After months of rumors and leaks, and roughly a week of pre-reviews, the hour of reckoning is nearly upon us. On Friday, the Nintendo Switch will be released to the masses (i.e., the folks who pre-ordered it and the ten people who manage to get one just by walking in to a store), and the world will finally discover if it is Nintendo’s best console or its last console. After the commercial flop that was the Wii U, consumers are naturally wary of Nintendo’s new offering, so is it worth taking the plunge?
After scouring the many hardware reviews put out by people who actually have a Switch in their hands, I’ve drawn the following conclusions:
- The main “switch” gimmick of the Switch has been executed surprisingly well, with the console swapping from portable mode to the dock and back again without a hitch. It’s one thing to articulate the main selling point of a console and another to actually pull it off, but Nintendo seems to have done both here.
- That said, this isn’t exactly an ideal portable console. Its screen is hard to view outdoors, and in addition to its so-so battery life, the system appears to drain power from external batteries faster than it can charge. You’ll need to plan ahead if you plan on taking this thing on a long trip.
- The hardware doesn’t quite match up with Nintendo’s usual quality standards—the kickstand in particular doesn’t seem to hold up over time, and the overall console isn’t as sturdy as past Nintendo offerings. You’re going to want to be more careful carrying this around than you were with your Game Boy or 3DS. (There are also connectivity issues with the Joy-Con controllers, but those can hopefully be remedied with a software update.)
- Opinions are mixed on the Joy-Con design: Some have found them comfortable to use, while others have criticized their size and layout. Regardless, the Pro Controller is almost universally considered the superior option.
- There are a ton of hidden costs to buying a Switch. Serious gamers, or even people who just want to play Zelda: Breath of the Wild on a long trip, will need to shell out extra cash for Pro Controllers, carrying cases, memory cards, external batteries, extra charging cables, and perhaps even a Joy-Con charging grip. Throw in the $60 for Zelda, tack on a few extra bucks for some other interesting titles like Snipperclips, and you may be looking at a $400-$500 investment on day one! (And don’t forget: you’ll be paying for online services starting this fall.)
- Speaking of Zelda, the game’s hype appears to be well-deserved: Aside from some frame-rate drops at busy moments, I’m not really hearing any bad things about the game. It’s apparently really hard, but the game is configured to make death as painless as possible, encouraging the player to take risks and explore.
- Outside of Zelda, the launch lineup is still pretty thin (albeit improved from the January presentation). Still, the total first-year lineup
- seems promising enough to ensure that you will eventually get your money’s worth out of the new system.
- The OS and UI of the system has generally gotten high marks…at least, the things we know about have gotten high marks. That’s the biggest issue with the system thus far: We don’t know anything about their online setup, we don’t know how the Virtual Console will be handled, and we don’t know if past eShop purchases will be able to shift seamlessly onto the Switch (though we can probably assume they won’t, since Nintendo hasn’t allowed this in the past). There’s a massive day-one software update that will enable networking and some other missing features, but Nintendo’s asking its early adopters to take a huge leap of faith.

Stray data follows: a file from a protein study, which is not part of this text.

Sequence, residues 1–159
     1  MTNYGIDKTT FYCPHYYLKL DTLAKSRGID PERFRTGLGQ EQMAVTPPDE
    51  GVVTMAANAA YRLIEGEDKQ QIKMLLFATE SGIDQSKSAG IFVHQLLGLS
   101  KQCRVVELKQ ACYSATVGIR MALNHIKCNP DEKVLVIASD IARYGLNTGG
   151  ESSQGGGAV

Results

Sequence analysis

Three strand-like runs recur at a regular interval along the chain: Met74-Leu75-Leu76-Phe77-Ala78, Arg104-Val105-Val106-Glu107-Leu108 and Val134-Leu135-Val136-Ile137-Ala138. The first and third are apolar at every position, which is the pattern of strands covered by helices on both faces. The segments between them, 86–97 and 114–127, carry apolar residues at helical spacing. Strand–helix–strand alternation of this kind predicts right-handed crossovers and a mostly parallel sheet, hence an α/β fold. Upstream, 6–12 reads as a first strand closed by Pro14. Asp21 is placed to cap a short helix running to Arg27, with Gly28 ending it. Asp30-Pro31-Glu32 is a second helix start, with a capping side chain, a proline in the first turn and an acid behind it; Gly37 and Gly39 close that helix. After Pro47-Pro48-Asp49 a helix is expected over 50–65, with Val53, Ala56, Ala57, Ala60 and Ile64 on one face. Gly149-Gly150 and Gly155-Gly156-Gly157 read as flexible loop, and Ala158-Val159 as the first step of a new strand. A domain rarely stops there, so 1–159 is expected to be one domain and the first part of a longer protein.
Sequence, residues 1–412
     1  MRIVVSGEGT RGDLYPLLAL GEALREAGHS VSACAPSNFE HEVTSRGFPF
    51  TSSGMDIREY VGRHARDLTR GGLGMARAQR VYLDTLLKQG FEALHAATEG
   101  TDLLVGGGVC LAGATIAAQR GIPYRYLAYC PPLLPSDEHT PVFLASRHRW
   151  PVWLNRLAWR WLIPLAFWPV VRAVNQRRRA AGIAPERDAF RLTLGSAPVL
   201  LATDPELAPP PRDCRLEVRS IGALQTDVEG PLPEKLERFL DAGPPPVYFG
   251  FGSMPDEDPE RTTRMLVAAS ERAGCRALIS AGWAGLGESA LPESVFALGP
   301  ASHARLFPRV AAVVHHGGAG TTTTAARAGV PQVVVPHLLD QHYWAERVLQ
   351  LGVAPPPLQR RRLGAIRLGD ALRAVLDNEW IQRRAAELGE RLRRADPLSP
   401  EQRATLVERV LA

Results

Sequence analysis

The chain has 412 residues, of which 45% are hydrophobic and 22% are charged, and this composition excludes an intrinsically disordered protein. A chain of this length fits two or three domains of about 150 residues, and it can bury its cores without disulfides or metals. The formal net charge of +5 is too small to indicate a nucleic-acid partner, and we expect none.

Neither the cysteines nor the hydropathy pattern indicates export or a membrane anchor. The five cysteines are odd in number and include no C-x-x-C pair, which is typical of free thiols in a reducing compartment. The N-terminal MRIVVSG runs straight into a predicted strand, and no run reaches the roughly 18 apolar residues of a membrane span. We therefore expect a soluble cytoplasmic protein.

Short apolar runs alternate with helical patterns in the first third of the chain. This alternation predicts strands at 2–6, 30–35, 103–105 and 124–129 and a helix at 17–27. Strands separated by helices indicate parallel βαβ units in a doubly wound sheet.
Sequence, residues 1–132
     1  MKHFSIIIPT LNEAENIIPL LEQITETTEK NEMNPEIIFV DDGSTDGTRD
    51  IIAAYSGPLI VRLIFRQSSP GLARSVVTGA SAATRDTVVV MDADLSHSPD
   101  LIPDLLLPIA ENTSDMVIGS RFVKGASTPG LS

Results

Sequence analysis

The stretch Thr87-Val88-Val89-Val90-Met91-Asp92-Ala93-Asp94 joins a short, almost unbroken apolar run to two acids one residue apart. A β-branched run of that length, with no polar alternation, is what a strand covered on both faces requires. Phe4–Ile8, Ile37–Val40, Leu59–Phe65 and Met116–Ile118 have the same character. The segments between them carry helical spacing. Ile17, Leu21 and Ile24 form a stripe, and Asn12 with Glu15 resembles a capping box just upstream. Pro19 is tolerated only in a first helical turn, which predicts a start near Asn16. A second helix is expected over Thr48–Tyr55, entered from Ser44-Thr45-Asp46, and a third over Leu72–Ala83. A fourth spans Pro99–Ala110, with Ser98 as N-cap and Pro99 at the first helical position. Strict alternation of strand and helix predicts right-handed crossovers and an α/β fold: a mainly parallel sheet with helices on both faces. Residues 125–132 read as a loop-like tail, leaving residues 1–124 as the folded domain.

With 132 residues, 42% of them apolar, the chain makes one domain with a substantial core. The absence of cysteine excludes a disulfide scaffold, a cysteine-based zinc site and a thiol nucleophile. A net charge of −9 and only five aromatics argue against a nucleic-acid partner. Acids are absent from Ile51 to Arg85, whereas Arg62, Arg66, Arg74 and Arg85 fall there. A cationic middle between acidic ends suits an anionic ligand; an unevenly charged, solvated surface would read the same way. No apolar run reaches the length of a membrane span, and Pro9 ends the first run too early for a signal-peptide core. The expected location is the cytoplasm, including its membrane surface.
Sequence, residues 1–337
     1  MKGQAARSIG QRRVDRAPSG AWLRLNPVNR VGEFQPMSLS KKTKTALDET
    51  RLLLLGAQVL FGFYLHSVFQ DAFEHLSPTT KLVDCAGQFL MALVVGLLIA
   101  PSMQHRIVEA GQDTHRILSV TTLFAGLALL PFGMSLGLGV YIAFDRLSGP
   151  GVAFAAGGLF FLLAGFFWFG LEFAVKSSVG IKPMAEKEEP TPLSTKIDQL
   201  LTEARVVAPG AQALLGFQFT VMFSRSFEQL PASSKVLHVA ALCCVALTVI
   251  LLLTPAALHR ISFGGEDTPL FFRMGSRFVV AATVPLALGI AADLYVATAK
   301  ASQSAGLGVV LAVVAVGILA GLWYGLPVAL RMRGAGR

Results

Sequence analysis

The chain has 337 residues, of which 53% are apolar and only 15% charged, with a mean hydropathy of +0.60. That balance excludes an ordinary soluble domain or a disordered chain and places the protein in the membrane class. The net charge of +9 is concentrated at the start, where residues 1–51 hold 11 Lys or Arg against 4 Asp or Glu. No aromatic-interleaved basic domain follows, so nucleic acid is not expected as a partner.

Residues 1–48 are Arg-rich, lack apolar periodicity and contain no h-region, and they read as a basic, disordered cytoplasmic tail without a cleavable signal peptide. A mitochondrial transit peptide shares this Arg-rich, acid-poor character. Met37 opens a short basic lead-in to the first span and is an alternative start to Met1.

So with all this being said, should you buy a Nintendo Switch? Unless you’re a diehard Zelda fan who’s dying to experience the game on a powerful new system (granted, there are a lot of you out there), my answer would be “Not yet.”
As I mentioned before, Nintendo doesn’t seem to be totally prepared for the Switch’s launch. Buying into the company’s plan on day one is already an expensive proposition, and if issues like the Joy-Con connectivity problem linger, it could turn out to be one you regret.
Instead, sit back and give the Switch some time to build up its software lineup and fix any initial bugs. If you own a Wii U, you can pick up Zelda for that system instead—to paraphrase Trailer Drake, does the game really run $300 better on the Switch? Sonic Mania and Yooka-Laylee look great, but if you’ve already got an Xbox One or PS4, you’ll be able to play these games without Nintendo’s help. Mario Kart 8 originally came out three years ago; if you already own it, are battle maps and Inklings worth re-buying the game for the Switch?
Personally, I don’t see an absolute-must-buy Switch game coming until Splatoon 2 drops later this summer. By then, not only will Zelda, ARMS, and MK8 Deluxe be available, but we’ll likely have more clarity on future releases via E3, and you’ll be able to make a more-informed decision. If you can stomach waiting until the holiday season, you’ll be rewarded with Super Mario Odyssey and potentially a discounted Switch/game bundle.
Of course, the end of the Wii U era was really painful for Nintendo fans, and a lot of us are sick and tired of waiting for new AAA games. If you really want to pick up the Switch and get your Zelda fix on Friday, I completely understand. For most consumers, however, waiting seems to be the more prudent option.
In short, I think the Nintendo Switch will be worth buying. I’m just not sure it’s worth buying yet.